CHARLESTON, SC (WCSC) - Six months ago Thursday, the Lowcountry was brought to its knees by an unspeakable tragedy that was reportedly meant to tear people apart.. But instead, some say it brought us together and made Charleston stronger than ever.
A lot has happened since the night of June 17 when members of Mother Emanuel AME were gathered enjoying Bible study.
The Rev. Clementa Pinkney, Cynthia Hurd, Reverend Sharonda Coleman-Singleton, Tywanza Sanders,DePayne Middleton Doctor, Ethel Lance, the Rev. Daniel Simmons, Susie Jackson and Myra Thompson were together when the unthinkable happened.
Police say lone suspect Dylann Roof joined them for Bible study then later shot multiple rounds and killed the nine. Five survivors escaped the horror to go on and forgive Roof who told police after being captured in North Carolina that he hoped to start a race war.
Days after the shooting Chris Singleton, a baseball player at Charleston Southern University and the son of victim Sharonda Coleman-Singleton delivered a powerful message in light of losing his mother.
"Love is always stronger than hate. So, if we just love the way my Mom would, then the hate won't be anywhere close to where the love is,"Singleton encouraged. Singleton's message was one that the Lowcountry echoed as everyone came together for peace and strength.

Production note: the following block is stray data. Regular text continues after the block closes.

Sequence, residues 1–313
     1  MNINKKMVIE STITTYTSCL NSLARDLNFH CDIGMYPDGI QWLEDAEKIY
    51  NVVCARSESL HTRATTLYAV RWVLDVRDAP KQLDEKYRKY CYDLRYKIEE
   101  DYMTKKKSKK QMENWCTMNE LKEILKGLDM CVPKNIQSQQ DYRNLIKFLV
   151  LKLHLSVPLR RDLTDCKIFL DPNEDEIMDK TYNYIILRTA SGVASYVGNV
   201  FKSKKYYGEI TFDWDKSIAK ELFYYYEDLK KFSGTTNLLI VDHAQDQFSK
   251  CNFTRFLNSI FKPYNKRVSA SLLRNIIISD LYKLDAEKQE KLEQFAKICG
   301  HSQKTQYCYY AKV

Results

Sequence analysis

It was also a sentiment that President Barack Obama made a part of his eulogy at Rev. Clementa Pickney's service, singing "Amazing Grace."
The mass shooting called for action and Gov. Nikki Haley answered saying much needed to be done to improve racial equality not only in South Carolina but in the nation.
Shortly after the shooting Haley called for the removal of the Confederate flag from the grounds of the State House. Haley would soon get her wish with the removal of the confederate flag July 10.
As the Lowcountry and even nation rally around Mother Emanuel millions of dollars in funds have been raised for the victims, survivors and the church.
Events throughout the Lowcountry included the Bridge for peace, as well as numerous benefits and peace marches.
Outgoing Mayor Joe Riley reflected on the state of race relations and his thoughts upon learning of the tragedy.
"It reminded me work is not finished. The work of having people respect, having everybody respect everybody regardless of color, religion," Riley said.
During the mayors last city council meeting Tuesday city council approved a resolution dedicating oak trees at the city's Gaillard center in honor of the victims and survivors.
State prosecutors are seeking the death penalty for Roof. His state trial is set for July 11 of next year. In addition to 13 state charges, he faces an additional 33 federal charges that include hate crimes. The U.S. Justice Department has not said if it will seek the death penalty.
Meanwhile, a friend of Roof, Joey Meek, is also facing charges. Federal investigators say Meek lied to them about Roof's plans to attack Emanuel AME Church. Roof stayed with Meek and his family in the weeks leading up to the shooting.
Meek is out of jail right now on bond awaiting a trial here in Charleston. If convicted, he could face a maximum of eight years in prison.